How do you know which shoes to buy? And what is a gait analysis? As a newbie, these questions can keep you up worrying into the night. Last week, my running store did a gait analysis on me and helped me into my first thoughtfully picked out running shoes.

Where NOT to buy running shoes: 

In fall of 2012, I started Couch to 5K again to complete the Color Vibe race with TF. I dusted off my old pair of “running shoes” and set to work, but my shins started bothering me. So I decided to fork over the money for some real running shoes.

I went to Ladies Foot Locker at the mall and told them I needed running shoes.

She asks, “What color?”

I gave her a funny look and told her I didn’t care about the color and pressed her for information about the shoes. She sent me home with what I realized later were a pair of cross-trainers and upsold me with some inserts.

I will admit, the cross-trainers were fantastic for P90X Pylometrics. But for running, they made my knees hurt. Thankfully the store allowed me to return them. I switched them out for some Nike Free Run 3 and have run in them for 300ish miles.

When should you buy new shoes:

From what I’ve read, running shoes should last from 300 to 500 or 600 miles. Shoes with less cushioning, like my Free Runs, wear down in fewer miles. They just don’t feel the same as they once did. They have been through a lot anyway (mud runs, getting peed on, etc).

Some tips that helped me realize I needed new shoes:

  • New things are achy or old things are achy again.
  • It’s not the upper portion or the outer sole that makes for an “old shoe”. It’s the cushioning on the inside.
  • Try on a new pair of running shoes. If you think, “Dang, is this how new shoes feel?”. Your old shoes are probably old.

A doctor’s opinion

Last week, I saw my doctor and had him look at the bone spurs on my feet, created by too-big roller blades when I was young… here’s looking at you parents!  He said the spurs shouldn’t give me any problems, but recommended I be properly fitted for running shoes if I was going to be a silly person and run a marathon. Makes sense.

So off to my running store. I have a love/hate relationship with my running store. They do a fantastic job, but it’s so expensive. But I try to buy important stuff there; and shoes, I guess, are important.

Buying Running Shoes and Gait Analysis

Gait Analysis

I told the salesperson I needed new running shoes but wasn’t sure what kind. He talked with me about my goals (building up miles for marathon training), any problem areas on my feet (my medial bone spurs near my arches), and then had me run barefoot on the treadmill. I was a little worried he was going to make me run super fast, but he let me know he’d only go to “5” (thankfully). There was a camera hooked up to the back of the treadmill and he was able to show me video and explain what he was looking for, an excessive inward or outward rolling of the foot, called pronation and supination.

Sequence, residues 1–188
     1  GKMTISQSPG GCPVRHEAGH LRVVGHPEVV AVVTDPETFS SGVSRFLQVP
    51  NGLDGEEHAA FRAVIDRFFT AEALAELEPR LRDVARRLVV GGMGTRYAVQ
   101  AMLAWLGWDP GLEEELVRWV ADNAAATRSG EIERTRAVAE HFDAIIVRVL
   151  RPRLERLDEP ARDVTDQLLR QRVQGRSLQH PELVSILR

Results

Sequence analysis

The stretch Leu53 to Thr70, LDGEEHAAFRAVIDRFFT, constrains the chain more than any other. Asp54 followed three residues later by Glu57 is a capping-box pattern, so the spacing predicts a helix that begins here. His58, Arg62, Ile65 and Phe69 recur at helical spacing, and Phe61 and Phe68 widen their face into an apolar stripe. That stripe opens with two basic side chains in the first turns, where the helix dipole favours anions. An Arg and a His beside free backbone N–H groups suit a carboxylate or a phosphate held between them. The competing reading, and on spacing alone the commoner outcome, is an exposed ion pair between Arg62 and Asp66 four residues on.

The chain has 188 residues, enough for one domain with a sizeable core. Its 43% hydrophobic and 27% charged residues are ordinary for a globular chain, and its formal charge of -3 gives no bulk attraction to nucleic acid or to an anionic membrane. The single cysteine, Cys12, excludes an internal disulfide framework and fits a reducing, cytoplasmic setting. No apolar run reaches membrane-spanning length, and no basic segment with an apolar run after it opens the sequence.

He told me I was basically as neutral as they come, not over-pronating or supinating (which my stereotypical Asian self took to mean that I got an “A” in running), besides a slight angle in my foot (which I think was a nice way of saying, slightly duck-footed).

He measured my feet, and told me I was a size 7 in running shoes (you should always go a size or two up in running shoes, because your feet swell).

Buying Running Shoes

He then pulled out 3-4 pairs of “neutral” shoes in my size. Interesting to note, my Nikes I’ve run in are also a neutral shoe, so I’m not as dumb as I look.

As soon as I put on the first pair, I realized I needed new running shoes a long time ago. My other shoes were shot.

All the shoes he brought out were really bulky compared to my Nikes and I mentioned that, and he said that he chose these because I’d be building up mileage and should let the shoe take some of the impact. That makes sense to me.

Note, I do know some runners that are adamant about bare-foot or minimalist-shoes, but with my bone spurs it’s really not possible. I liked two pairs and I bought one, a pair of Mizunos. By the way, at no point did he ask me “What color?”.

Trying them out

I went for a run in a nearby park and decided to try out my new shoes.

My right foot felt like it was in heaven 1/4 mile in, but my left foot did not want to join in. I started getting arch pain that eventually traveled to my shin.

After my 3 mile run, I noticed a bruise on my left leg. I think I broke blood vessels trying to compensate for whatever was going on.

Exchanging shoes

I returned them an hour after purchase, even though they were muddy from the park.

No problem. See, that’s why I like buying important stuff at this store. The same guy helped me and pulled out the other pair I liked (I didn’t even have to tell him which ones), and switched them out for me.

Buying Running Shoes and Gait Analysis: My first time experiencing a gait analysis at a shoe store and buying my first pair of thought-fully picked running shoes

These are Saucony Ride 6. And while not the cutest shoes, I’m hoping they’ll be best for my feet and legs. I didn’t race with them, because I’m not that stupid.

I’ve taken them out for 6 miles total this week, and like them so far. I think I’ll have a final verdict after my long run. And if I don’t like them, I know my running store will take them right back. Although next time, I think I will ask to hop back on the treadmill for a few minutes. I think that would have saved me that first pair.

Today: 4 mile run (in my new shoes!)

Updated post: When should I buy new shoes?